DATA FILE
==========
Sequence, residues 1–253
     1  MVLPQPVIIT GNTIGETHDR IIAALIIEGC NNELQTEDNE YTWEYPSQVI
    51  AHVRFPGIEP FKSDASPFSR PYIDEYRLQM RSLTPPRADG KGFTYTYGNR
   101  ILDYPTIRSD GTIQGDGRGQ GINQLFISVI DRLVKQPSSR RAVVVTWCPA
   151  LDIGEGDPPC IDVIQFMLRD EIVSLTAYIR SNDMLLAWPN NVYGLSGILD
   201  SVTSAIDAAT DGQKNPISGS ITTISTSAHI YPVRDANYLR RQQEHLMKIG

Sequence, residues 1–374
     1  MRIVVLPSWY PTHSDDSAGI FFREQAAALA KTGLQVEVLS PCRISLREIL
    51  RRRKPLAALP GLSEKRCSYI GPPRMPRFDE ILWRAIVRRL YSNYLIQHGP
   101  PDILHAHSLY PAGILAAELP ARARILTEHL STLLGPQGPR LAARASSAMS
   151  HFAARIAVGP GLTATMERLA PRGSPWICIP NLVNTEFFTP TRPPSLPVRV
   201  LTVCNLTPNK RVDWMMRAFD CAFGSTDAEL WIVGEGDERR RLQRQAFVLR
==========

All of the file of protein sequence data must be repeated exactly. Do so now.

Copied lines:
Sequence, residues 1–253
     1  MVLPQPVIIT GNTIGETHDR IIAALIIEGC NNELQTEDNE YTWEYPSQVI
    51  AHVRFPGIEP FKSDASPFSR PYIDEYRLQM RSLTPPRADG KGFTYTYGNR
   101  ILDYPTIRSD GTIQGDGRGQ GINQLFISVI DRLVKQPSSR RAVVVTWCPA
   151  LDIGEGDPPC IDVIQFMLRD EIVSLTAYIR SNDMLLAWPN NVYGLSGILD
   201  SVTSAIDAAT DGQKNPISGS ITTISTSAHI YPVRDANYLR RQQEHLMKIG

Sequence, residues 1–374
     1  MRIVVLPSWY PTHSDDSAGI FFREQAAALA KTGLQVEVLS PCRISLREIL
    51  RRRKPLAALP GLSEKRCSYI GPPRMPRFDE ILWRAIVRRL YSNYLIQHGP
   101  PDILHAHSLY PAGILAAELP ARARILTEHL STLLGPQGPR LAARASSAMS
   151  HFAARIAVGP GLTATMERLA PRGSPWICIP NLVNTEFFTP TRPPSLPVRV
   201  LTVCNLTPNK RVDWMMRAFD CAFGSTDAEL WIVGEGDERR RLQRQAFVLR